HF 8267

Dealing with a Medicine Shortage: Children’s Liquid Ibuprofen

When there are a lot of viral illnesses spreading among children at the same time (such as RSV and influenza), there may be shortages of certain medicines because of increased demand. This may include an increased demand for children’s liquid ibuprofen (Motrin®, Advil®) as this is used to help manage symptoms. This Health Facts for You will give you other treatment options you can use for your child if there is a medicine shortage.

Does my child need ibuprofen?

You do not always need to treat fevers as they are a normal way for the body to fight infection. If your child has a mild fever but is acting normal, they may not need medicine. If your child is at least 6 months old and has a fever with aches, pains and is feeling unwell, you can treat with ibuprofen. Call your doctor if you are unsure if you should treat your child’s fever.

What are other treatment options?

If your child weighs at least 11 pounds (5 kg), they may be able to use a solid tablet form of ibuprofen instead of liquid. You may need to cut the tablets into halves or quarters using a pill splitter or a sharp knife.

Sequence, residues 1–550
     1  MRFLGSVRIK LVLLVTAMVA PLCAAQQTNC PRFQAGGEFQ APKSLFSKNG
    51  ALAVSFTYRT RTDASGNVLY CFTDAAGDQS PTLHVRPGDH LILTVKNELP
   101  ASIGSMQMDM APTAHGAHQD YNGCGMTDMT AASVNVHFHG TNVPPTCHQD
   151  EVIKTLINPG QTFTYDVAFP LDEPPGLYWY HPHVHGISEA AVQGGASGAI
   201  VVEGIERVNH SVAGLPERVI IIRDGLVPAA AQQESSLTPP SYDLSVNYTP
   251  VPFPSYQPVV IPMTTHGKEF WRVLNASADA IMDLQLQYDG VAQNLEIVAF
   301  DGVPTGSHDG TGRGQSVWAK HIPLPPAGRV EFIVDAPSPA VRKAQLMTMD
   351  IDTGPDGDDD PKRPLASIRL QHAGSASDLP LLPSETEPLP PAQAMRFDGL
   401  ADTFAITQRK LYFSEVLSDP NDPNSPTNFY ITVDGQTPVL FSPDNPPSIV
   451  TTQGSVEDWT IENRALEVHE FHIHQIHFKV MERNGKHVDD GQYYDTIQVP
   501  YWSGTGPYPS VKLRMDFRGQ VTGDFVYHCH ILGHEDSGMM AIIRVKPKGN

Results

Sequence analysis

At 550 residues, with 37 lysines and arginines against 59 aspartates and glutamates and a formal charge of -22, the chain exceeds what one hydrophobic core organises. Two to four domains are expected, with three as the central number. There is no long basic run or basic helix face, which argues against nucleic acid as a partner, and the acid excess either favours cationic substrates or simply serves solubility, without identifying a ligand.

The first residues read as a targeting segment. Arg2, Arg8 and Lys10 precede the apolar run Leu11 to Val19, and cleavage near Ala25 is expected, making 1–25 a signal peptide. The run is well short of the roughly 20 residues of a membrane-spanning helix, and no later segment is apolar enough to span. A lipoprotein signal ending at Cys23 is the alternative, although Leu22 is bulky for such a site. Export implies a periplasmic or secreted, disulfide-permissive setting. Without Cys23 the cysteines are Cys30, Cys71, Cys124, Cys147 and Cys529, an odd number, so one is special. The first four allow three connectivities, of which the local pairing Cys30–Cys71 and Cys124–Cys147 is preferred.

The chart below will help you figure out the right dose. Make sure you are using the 200 mg tablets (not the capsules or gel caps!). Ask a pharmacist for help finding the right tablets.

How do I give the ibuprofen tablets?

Tablets can be swallowed whole, chewed, or crushed. You can mix crushed tablets in a small amount of soft food (like applesauce or pudding) if this helps your child swallow the medicine. Make sure your child eats or drinks food or milk with it to help prevent upset stomach. Repeat doses every 6 to 8 hours if needed.

8267 Table 1
8267 Table 2

*Round tablets are easier to cut into equal-size pieces, especially for quarter (1/4) tablets. Scored tablets that are not round work well to cut in half (1/2) but not as well to cut into quarters (1/4).